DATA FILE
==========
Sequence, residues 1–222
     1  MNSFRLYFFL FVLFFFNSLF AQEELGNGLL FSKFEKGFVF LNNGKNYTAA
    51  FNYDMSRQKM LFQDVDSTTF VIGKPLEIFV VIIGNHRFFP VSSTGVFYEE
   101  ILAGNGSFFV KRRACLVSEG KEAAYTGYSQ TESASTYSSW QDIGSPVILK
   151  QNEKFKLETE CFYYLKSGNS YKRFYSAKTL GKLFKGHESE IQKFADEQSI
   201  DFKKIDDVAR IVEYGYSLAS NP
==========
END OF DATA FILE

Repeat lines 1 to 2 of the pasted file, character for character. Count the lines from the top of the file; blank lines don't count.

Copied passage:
Sequence, residues 1–222
     1  MNSFRLYFFL FVLFFFNSLF AQEELGNGLL FSKFEKGFVF LNNGKNYTAA